Population: 60 million (2020) (23rd)
Rank in territory: (72nd)
Currency to US$: approx 1.17
Rank in GDP: 28th (495.69 billion)
Electric socket: 230V (50Hz) two prong plug
Italy is a fairly safe country. However, don't fantasise that, just because it's in Europe there will be no crime over there. Remember that Italians pretty much formalised crime with their mafia. Nevertheless, you will be just more susceptible to petty crimes, if you are not careful enough. For instance, don't leave your belongs un-watched, mainly in train stations. Don't leave the key of the cars when parking on car parks if you have luggage in the boot. Preferable carry your wallet and mobiles on the front pocket. And always travel insured!
Italian – You can get by with basic English, but will have difficulties to engage in long conversation, particularly in the south.
Christianism (84%), Agnostic (12%), Islam (3%), others (1%)
As part of Schengen Agreement, all the 26 countries who agreed on Schengen have abolished their borders for free and unrestricted movement of people.
If you are not part of Schengen Agreement, then you must apply for a visa at any Italian consulate.
* Best time to travel to Italy is APRIL to JULY *
Even though you can actually enjoy Italy throughout the year, there are still some particular time you might want to avoid. Let's start with the temperature. As it is located in the northern hemisphere, Italy has it's coldest months in January, February and March; and hottest months are June, July and August. It can get really cold, particularly in the mountains of the north. So, unless you plan for this cold - for instance, they have one of the best ski resorts - you better avoid Autumn and Winter.
|Approximate temperature in Milan in °C|
|Approximate temperature in Naples in °C|
In Italy, there is the Ferragosto, which is when everybody have their holiday at the same time. Ferragosto is celebrated on August 15th, the following two weeks is just chaos in most part of the country - and obviously completely desert in another. So, unless you are an Italian taxpayer, do not take your holidays during this time!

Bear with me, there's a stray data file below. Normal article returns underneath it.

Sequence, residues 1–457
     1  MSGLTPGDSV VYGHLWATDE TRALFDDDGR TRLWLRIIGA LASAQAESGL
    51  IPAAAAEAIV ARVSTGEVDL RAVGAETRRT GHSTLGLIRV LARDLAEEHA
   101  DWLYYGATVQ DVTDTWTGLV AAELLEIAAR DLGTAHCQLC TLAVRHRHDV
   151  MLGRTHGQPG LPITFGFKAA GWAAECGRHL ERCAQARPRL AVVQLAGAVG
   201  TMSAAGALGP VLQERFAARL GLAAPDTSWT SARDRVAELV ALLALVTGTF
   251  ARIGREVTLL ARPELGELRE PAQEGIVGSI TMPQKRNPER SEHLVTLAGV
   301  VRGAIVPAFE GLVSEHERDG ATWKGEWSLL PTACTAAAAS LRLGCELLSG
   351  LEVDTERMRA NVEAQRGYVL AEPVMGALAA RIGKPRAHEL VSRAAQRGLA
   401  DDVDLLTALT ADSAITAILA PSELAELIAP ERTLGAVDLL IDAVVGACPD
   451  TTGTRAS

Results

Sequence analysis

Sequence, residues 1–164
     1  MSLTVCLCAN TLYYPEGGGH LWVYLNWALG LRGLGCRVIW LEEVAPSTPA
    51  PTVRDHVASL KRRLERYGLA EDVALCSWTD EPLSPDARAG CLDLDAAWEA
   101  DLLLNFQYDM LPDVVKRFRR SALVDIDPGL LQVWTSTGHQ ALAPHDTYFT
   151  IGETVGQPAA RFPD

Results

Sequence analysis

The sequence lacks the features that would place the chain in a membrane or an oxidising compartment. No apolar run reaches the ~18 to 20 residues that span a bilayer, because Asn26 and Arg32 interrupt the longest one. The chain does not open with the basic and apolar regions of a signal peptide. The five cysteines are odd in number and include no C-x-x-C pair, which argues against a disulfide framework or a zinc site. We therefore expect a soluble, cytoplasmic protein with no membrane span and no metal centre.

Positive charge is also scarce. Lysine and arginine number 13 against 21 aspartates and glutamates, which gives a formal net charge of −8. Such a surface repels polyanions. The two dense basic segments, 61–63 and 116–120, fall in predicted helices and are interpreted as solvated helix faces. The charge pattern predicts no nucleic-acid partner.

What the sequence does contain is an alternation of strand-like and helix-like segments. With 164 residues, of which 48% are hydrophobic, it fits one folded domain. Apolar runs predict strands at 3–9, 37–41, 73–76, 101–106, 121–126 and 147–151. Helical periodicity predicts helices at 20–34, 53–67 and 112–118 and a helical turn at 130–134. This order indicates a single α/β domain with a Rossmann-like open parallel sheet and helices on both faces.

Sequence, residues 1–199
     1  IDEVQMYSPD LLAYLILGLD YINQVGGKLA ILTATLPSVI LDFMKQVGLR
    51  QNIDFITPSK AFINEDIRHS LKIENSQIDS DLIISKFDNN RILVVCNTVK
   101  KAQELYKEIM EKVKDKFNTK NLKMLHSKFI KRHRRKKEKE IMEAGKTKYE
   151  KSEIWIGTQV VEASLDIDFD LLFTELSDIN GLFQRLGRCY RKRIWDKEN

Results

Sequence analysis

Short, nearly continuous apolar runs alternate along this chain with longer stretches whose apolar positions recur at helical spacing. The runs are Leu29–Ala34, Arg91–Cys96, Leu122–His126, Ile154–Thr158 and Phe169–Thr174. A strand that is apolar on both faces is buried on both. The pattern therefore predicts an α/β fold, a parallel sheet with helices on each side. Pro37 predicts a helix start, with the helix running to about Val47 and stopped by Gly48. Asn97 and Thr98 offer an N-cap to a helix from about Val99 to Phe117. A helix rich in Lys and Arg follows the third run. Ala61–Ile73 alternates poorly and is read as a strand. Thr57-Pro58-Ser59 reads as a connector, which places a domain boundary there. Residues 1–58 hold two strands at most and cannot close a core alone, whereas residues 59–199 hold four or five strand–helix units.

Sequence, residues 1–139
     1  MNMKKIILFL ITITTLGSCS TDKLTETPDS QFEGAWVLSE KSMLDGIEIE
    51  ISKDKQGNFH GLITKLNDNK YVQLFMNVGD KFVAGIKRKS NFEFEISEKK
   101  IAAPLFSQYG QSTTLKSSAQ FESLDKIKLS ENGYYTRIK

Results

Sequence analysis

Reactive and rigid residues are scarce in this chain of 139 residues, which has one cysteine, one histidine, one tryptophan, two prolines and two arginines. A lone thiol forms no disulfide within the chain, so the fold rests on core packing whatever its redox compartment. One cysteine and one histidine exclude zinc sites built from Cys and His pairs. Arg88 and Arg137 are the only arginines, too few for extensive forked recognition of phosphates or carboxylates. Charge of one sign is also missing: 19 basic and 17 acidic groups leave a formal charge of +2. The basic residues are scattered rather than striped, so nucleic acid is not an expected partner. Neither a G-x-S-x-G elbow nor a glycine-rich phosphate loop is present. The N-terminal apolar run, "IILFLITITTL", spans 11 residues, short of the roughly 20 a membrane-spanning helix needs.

Low season: November to March
Mid season: April to June and September to October
High season: July to August
If you are going for the hot season, don't forget sunscreen, hat, swimming clothes, sandals and so on.
If you are going for the cold season, consider skiing, bring appropriate clothes because it will get really cold.
Italy can pleases many pockets. However, if you are travelling from a quite devalued currency, then it might not seem that cheap.
budget - about €10
average - about €20
luxury - about €50+
budget (pizza, panini) - about €2
average (tourist menu) - about €15
luxury (nice restaurants) - about €35+
metro or buses - around €2
intercity trains/buses - about €15
intercity trains 1st class - about €70
Churches and Chapels
When exiled Cuban poet Pablo Neruda (Philippe Noiret) arrives on a tiny Italian isle, there's so much new mail that Mario (Massimo Troisi), an unemployed, uneducated layabout, is hired as a postman. His job is simply to deliver Neruda's daily mail. Mario soon becomes a student of the poet, learning the art of poetry to woo a local barmaid (Maria Grazia Cucinotta) and tell about the struggles of the working-class villagers. A firm friendship develops, and the postman turns into a changed man.
Eat Pray Love
Liz Gilbert (Julia Roberts) thought she had everything she wanted in life: a home, a husband and a successful career. Now newly divorced and facing a turning point, she finds that she is confused about what is important to her. Daring to step out of her comfort zone, Liz embarks on a quest of self-discovery that takes her to Italy, India and Bali.
La Dolce Vita
A Federico Fellini's film, the reporter Marcelo Rubini drifts through life in Rome. While Marcello contends with the overdose taken by his girlfriend, Emma, he also pursues heiress Maddalena and movie star Sylvia, embracing a carefree approach to living. Despite his hedonistic attitude, Marcello does have moments of quiet reflection, resulting in an intriguing cinematic character study.
The English Pacient
A tribute to the timeless beauty of Tuscany, this film is set in different locations in the region during World War II. After being seriously injured in a plane crash, Count László Almásy (Ralph Fiennes), is staying in an abandoned cloister where Hana (Juliette Binoche), a young Canadian nurse, a war widow, takes care of him. The man remembers nothing about his past: the only clues to tracking his identity come from the book the mysterious count carries with him. Most of the scenes were filmed in Pienza, in the Val D’Orcia, between the Monastero di Sant’Anna in Camprena, Piazza Pio II and the Castello di Cosona; outdoor scenes were filmed in Ripafratta, in the province of Pisa, on the beach of Forte dei Marmi and Viareggio, where, within the Principe di Piemonte complex, the British consulate was installed.